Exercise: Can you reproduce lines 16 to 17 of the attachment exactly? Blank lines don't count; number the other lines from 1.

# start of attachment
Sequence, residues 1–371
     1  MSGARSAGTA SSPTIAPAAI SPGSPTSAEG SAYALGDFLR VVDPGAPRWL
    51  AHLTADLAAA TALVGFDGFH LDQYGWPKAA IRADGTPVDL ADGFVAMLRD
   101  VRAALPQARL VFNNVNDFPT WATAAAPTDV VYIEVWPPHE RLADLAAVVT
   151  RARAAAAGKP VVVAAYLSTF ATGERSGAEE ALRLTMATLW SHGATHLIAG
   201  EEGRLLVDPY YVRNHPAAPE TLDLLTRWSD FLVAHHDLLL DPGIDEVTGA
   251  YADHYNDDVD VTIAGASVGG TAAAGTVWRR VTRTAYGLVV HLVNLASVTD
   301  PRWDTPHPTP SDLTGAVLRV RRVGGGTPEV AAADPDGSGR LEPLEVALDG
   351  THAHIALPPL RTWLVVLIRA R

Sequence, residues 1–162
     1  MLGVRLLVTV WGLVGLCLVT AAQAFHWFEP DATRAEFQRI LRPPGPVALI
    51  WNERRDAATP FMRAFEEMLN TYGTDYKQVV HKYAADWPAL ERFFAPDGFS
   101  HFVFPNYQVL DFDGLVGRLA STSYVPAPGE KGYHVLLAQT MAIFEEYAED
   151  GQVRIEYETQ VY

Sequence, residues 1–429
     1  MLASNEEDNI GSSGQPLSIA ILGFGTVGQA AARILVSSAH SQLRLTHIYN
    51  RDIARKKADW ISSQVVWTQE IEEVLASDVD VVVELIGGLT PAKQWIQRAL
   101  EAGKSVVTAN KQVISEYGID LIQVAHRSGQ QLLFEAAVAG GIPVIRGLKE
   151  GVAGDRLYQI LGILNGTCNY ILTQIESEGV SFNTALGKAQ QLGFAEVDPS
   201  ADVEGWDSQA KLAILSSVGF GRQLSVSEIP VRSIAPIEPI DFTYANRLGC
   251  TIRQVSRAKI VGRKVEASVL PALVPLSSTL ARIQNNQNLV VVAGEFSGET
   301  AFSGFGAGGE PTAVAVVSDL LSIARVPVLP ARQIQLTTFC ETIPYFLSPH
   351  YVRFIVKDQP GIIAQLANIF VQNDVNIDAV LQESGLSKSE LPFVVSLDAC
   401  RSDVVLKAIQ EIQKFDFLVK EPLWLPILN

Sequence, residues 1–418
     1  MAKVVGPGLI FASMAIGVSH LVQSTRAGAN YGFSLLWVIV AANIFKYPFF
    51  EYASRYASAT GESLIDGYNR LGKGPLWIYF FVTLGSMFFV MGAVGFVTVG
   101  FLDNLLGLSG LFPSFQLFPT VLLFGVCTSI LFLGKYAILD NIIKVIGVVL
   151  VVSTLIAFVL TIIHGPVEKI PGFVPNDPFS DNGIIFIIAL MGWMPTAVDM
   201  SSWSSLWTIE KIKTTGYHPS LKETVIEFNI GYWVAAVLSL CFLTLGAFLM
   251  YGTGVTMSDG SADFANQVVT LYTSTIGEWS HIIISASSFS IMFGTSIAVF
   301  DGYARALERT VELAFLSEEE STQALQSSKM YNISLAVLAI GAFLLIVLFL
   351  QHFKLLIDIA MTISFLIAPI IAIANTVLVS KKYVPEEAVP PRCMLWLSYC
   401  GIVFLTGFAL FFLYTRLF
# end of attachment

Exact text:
     1  MLASNEEDNI GSSGQPLSIA ILGFGTVGQA AARILVSSAH SQLRLTHIYN
    51  RDIARKKADW ISSQVVWTQE IEEVLASDVD VVVELIGGLT PAKQWIQRAL